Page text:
Question: Questions regarding VST/rlog correction to plot sample distances between RNA-seq samples
0
gravatar for salamandra
3 months ago by
salamandra170
salamandra170 wrote:

I would like to get sample distances between different samples of an RNA-seq experiment. Read that VST and rlog function of DEseq R package were good to make a correction so that standard deviation of expression of a gene across all samples doesn't change with the mean (of expression of that gene across all samples). My questions are:

1 - Should these corrections be applied after normalising raw counts for sequencing depth (with the DESeq() function) or directly applied on the raw data?

2 - To do a heatmap with a dendrogram representing the distances between samples, is it better to plot in a heatmap the values corrected with VST/rlog or FPKM values?

3 - 'VST' method seems to be better for big sets (n>30). I have 3 samples, so that means need to choose 'rlog' instead?

4 - In both methods we can set parameter 'blind'. Should I set it to 'TRUE' or 'FALSE' in which situations?

Regards.

rna-seq deseq R • 267 views
ADD COMMENTlink modified 3 months ago by Kevin Blighe30k • written 3 months ago by salamandra170
3
gravatar for Kevin Blighe
3 months ago by
Kevin Blighe30k
Kevin Blighe30k wrote:

1 - Should these corrections be applied after normalising raw counts for sequencing depth (with the DESeq() function) or directly applied on the raw data?

These should only be applied to the normalised counts, as per the DESeq2 vignette.

2 - To do a heatmap with a dendrogram representing the distances between samples, is it better to plot in a heatmap the values corrected with VST/rlog or FPKM values?

Don't use FPKM values - that method of normalisation should be no longer used for multi-sample studies. Instead, use either the VST- or rlog-transformed counts. Please see the answer that I gave earlier today: A: How to graphically tell if data has been normalized?

3 - 'VST' method seems to be better for big sets (n>30). I have 3 samples, so that means need to choose 'rlog' instead?

You can justify the use of either. rlog is not recommended for large datasets because it can take a very long time. I tend to check both, where possible, and find that results don't largely change between both of these methods (provided that there are no outliers in your dataset).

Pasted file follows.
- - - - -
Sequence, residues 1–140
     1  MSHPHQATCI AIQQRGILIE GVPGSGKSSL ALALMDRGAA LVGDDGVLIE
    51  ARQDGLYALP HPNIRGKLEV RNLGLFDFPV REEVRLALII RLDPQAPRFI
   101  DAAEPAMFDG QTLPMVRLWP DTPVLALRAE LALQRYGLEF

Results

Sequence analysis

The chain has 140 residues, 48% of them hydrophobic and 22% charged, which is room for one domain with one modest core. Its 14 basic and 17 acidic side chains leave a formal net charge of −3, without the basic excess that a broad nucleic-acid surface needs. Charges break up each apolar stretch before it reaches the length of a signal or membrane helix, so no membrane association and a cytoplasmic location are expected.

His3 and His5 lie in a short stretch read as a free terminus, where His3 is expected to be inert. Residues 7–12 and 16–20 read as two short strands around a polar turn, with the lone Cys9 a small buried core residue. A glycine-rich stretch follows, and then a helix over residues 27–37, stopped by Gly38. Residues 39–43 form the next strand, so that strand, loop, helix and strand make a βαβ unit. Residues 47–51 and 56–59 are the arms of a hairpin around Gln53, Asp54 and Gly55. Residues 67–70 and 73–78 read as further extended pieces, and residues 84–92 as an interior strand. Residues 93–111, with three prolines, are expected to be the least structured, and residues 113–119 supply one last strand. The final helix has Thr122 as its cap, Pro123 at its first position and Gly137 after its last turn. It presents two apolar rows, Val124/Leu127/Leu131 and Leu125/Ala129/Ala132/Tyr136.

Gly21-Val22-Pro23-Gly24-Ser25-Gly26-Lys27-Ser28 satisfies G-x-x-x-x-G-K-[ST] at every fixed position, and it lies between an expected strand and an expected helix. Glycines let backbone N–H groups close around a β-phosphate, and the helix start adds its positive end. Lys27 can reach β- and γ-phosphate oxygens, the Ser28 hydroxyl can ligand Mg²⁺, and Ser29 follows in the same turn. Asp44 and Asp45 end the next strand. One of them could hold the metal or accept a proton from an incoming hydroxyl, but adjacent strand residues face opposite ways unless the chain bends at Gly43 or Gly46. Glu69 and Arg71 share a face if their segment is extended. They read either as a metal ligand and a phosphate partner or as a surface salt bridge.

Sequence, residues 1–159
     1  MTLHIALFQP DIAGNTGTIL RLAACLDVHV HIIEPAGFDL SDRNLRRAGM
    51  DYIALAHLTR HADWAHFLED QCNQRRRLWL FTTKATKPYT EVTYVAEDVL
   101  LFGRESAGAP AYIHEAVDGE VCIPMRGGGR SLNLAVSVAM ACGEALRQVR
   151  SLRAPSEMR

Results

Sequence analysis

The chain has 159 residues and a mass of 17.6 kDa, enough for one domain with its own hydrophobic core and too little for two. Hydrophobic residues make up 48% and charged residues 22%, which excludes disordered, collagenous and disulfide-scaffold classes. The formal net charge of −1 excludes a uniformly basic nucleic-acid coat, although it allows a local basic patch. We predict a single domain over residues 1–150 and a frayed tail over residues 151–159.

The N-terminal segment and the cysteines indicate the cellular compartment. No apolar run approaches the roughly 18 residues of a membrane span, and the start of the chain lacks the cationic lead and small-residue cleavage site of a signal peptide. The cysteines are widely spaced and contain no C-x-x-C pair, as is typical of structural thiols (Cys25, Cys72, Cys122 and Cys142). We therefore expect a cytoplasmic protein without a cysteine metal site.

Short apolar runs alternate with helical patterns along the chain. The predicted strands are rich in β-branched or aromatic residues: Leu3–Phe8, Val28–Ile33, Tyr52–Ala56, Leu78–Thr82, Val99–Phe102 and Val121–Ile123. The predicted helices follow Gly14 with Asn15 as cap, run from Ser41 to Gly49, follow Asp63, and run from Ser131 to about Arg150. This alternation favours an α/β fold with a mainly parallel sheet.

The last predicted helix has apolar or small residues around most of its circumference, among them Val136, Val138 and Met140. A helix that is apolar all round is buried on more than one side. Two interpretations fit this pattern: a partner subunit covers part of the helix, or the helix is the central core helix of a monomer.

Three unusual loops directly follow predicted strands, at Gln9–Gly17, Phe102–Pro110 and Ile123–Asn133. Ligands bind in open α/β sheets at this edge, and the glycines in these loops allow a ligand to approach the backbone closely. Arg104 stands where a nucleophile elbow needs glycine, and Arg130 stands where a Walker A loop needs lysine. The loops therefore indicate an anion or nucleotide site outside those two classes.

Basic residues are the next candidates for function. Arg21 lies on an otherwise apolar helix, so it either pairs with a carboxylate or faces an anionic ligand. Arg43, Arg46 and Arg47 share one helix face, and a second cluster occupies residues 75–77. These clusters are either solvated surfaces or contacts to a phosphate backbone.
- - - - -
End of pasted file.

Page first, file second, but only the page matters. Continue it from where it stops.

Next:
4 - In both methods we can set parameter 'blind'. Should I set it to 'TRUE' or 'FALSE' in which situations?

Please take a look at my answer and comments here: C: Order of operations in RNAseq analysis

Kevin

ADD COMMENTlink written 3 months ago by Kevin Blighe30k

Thank you. Noticed now that, if we apply VST on the raw values :

ddsHTSeq <- DESeqDataSetFromHTSeqCount(sampleTable = sampleTable, design= ~ condition)
vsd <- vst(ddsHTSeq, blind = FALSE)
head(assay(vsd), 3)

gives the same results when applying to normalised values:

ddsHTSeq <- DESeqDataSetFromHTSeqCount(sampleTable = sampleTable, design= ~ condition)
ddsHTSeq <- DESeq(ddsHTSeq)
vsd <- vst(ddsHTSeq, blind = FALSE)
head(assay(vsd), 3)

And in section 4.2. of this tutorial it seems it's applied to data before DESeq() is applied, so maybe it does not matter if it's normalised or not?

ADD REPLYlink written 3 months ago by salamandra170
1

I see - good observation! Though, if they don't exist, vst() still calculates dispersion estimates and size factors on the fly:

if (is.null(sizeFactors(object)) & is.null(normalizationFactors(object))) {
    object <- estimateSizeFactors(object)
}

if (blind) {
    design(object) <- ~ 1
}

if (blind | is.null(attr(dispersionFunction(object),"fitType"))) {
    object <- estimateDispersionsGeneEst(object, quiet=TRUE)
    object <- estimateDispersionsFit(object, quiet=TRUE, fitType)
}

[from: https://github.com/mikelove/DESeq2/blob/master/R/vst.R]

One can actually apply these transformations to any type of numerical data. I've used rlog many times for non-DESeq2 relatd matrices.

ADD REPLYlink modified 3 months ago • written 3 months ago by Kevin Blighe30k
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